It was then that he made up his mind.  His little girl was going to be on her own now.  It was time, and Ellie deserved better than what she had.  They’d made a good life for their daughter, but it was time.  After dinner that night, Ray sat his wife down on the front porch swing, and they talked.  They were good enough friends that the tears were brief, but this wasn’t an unexpected twist for either of them. 
But now what the hell do I do?  Quietly that weekend he stuffed his clothes into oversized duffle bags.
“Don’t worry.”  Ellie watched him with a forlorn, faraway expression, a prideful grace keeping her still. “Your stuff’s not going anywhere.  You can come get it when you figure things out.”  He loved her then, more than he ever had. 
Guess it must be wanderlust or tryin’ to get free from the good old faithful feeling we once knew…
And now here he was in Apache Falls, telling his story to a stranger while he nursed the broken heart he didn’t deserve to have.  “The thing that I called living was just being satisfied, knowing I had no one left to blame.”  The two men were silent for a moment.
Joe reached beneath the payphone that hung on the wall like a lonely reminder of simpler times and grabbed at the thin phonebook, tossing it on the bar in front of Ray. 
“I could keep pouring what-ifs into that glass, or you could take your chances, if you’ve got a nerve to.”
Ray stared heavily at the mirror again, still trying to recognize the man he saw.  Slowly he opened the dusty book, turning the thin pages until his finger rested on her name.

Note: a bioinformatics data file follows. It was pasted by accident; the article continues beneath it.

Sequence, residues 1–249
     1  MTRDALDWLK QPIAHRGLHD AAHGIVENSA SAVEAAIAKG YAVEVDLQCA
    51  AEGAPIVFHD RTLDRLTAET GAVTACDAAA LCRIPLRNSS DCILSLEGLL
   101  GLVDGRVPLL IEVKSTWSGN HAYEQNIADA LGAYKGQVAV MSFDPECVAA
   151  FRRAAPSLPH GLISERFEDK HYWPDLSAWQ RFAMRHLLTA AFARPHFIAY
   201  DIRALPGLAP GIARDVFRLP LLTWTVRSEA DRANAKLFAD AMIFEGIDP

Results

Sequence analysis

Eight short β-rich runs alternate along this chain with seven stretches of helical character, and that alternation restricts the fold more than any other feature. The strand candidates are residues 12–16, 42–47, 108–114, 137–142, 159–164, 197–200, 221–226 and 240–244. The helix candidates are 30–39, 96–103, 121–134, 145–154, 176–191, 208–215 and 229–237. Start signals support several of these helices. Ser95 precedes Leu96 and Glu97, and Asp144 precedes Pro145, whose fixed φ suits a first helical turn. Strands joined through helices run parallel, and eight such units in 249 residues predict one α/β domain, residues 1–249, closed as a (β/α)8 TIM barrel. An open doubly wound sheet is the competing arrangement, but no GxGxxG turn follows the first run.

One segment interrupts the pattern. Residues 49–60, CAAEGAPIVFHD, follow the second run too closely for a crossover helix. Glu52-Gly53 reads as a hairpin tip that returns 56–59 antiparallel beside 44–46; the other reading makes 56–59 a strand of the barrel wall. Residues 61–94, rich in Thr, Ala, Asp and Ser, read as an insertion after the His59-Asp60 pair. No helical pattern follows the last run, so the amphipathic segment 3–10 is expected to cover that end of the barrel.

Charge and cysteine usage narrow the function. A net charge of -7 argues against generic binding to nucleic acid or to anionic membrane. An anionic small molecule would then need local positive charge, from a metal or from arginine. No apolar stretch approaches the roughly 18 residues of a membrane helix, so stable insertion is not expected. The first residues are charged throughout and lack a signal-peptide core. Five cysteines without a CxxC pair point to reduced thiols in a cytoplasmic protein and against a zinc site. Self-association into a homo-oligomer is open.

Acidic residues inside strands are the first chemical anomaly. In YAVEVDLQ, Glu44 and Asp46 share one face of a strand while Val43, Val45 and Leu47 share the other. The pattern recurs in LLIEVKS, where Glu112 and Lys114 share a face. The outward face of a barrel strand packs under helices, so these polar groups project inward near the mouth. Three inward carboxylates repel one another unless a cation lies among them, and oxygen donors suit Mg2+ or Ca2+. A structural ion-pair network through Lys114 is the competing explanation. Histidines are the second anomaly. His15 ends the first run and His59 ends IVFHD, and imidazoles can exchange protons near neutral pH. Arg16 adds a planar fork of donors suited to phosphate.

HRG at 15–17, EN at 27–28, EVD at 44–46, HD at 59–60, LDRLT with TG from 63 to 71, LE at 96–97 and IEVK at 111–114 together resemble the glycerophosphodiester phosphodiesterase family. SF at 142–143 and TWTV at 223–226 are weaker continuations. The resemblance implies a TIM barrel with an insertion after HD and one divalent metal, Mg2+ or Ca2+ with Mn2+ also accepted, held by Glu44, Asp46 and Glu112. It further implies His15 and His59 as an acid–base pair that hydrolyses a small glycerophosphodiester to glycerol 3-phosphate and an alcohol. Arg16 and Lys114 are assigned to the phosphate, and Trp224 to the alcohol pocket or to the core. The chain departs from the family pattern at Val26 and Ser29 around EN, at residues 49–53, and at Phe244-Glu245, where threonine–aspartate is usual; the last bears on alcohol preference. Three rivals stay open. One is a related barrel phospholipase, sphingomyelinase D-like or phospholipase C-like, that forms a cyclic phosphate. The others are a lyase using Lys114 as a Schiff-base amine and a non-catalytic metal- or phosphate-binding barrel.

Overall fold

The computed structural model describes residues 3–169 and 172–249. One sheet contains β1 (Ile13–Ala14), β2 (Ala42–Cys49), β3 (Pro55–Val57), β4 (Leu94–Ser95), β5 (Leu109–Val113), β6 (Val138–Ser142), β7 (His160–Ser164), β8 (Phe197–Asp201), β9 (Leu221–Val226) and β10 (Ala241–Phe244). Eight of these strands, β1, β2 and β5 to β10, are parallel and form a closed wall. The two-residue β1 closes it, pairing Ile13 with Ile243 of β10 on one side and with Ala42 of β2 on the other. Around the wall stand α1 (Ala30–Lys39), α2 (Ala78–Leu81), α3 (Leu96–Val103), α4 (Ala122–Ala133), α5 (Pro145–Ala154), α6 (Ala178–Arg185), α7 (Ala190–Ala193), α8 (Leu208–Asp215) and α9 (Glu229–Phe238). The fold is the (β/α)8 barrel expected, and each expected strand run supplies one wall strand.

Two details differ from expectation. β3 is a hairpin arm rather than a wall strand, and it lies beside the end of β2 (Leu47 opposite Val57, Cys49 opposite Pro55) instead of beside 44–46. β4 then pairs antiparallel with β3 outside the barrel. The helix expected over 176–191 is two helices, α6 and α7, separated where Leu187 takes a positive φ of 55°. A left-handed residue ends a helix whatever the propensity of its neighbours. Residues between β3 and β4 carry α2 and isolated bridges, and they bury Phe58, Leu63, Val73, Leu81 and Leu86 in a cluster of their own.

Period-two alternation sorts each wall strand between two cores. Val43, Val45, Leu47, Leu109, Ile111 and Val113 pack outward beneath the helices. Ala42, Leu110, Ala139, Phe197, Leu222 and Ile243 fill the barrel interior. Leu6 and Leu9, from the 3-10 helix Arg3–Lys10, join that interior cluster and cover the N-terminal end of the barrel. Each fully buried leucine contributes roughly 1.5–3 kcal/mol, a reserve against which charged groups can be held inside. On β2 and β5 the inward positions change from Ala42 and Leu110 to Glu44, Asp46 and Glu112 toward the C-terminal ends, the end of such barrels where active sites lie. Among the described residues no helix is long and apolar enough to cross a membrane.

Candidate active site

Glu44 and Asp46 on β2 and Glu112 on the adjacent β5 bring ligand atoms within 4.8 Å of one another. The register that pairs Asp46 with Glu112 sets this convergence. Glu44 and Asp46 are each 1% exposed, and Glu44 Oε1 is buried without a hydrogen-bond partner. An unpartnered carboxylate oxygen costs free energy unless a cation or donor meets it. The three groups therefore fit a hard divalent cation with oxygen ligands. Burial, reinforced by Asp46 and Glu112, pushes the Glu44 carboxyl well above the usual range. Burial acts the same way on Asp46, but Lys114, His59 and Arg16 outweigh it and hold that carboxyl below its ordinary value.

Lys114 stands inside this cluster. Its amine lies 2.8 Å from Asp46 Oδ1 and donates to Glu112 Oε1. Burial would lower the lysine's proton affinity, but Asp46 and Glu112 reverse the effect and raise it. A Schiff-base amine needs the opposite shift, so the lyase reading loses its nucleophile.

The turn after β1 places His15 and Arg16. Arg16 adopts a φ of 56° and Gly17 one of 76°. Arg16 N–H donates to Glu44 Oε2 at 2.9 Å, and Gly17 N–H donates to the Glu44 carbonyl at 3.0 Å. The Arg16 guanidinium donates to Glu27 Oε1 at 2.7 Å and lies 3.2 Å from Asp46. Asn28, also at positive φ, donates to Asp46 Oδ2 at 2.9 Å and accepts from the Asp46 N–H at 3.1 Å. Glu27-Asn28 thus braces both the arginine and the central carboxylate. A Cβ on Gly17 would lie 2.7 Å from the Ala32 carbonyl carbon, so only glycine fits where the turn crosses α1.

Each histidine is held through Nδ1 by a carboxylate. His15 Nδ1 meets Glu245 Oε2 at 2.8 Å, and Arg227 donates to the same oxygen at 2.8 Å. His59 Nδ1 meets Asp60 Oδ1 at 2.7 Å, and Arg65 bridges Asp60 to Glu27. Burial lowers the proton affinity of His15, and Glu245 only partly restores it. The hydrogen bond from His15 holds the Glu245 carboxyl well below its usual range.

“She’s still here.”
          “Yeah, took over her daddy’s place there when he died, she’d been without a Mama since she’s just a girl.”  Ray looked at him with a question in his tired eyes.  “And no, she never did marry.  Lived with a feller for a long time, but the story went that she just wouldn’t make it official, so he left town a few years back.  She’s made a name for herself around these parts with those paintings of hers, but she stays pretty quiet out on the ranch.” 
Reaching for his cell phone, Ray realized he’d left it in the cabin of the truck.  Joe bounced a couple of quarters at him, and as if in a trance he watched them roll to a stop and fall down on the bar top. 
“This one’s on me.”  The bartender smiled.  “Don’t you think it’s about time?” 
Ray pushed himself to his feet, still unsure.  He could walk out of here right now, and nobody else would ever know he’d been here.  Indecision hung in the air, shadowed with fear.  Finally he moved toward the phone.  Joe walked off to the other end of the room, pretending to dust off the pool cues in their rack. 
Searching through the fragments of my dream-shattered sleep, I wonder if the years have closed her mind?    Dropping the coins in the slot and lifting the receiver that smelled of many drunken pleadings for forgiveness, Ray pushed the buttons with trembling fingers.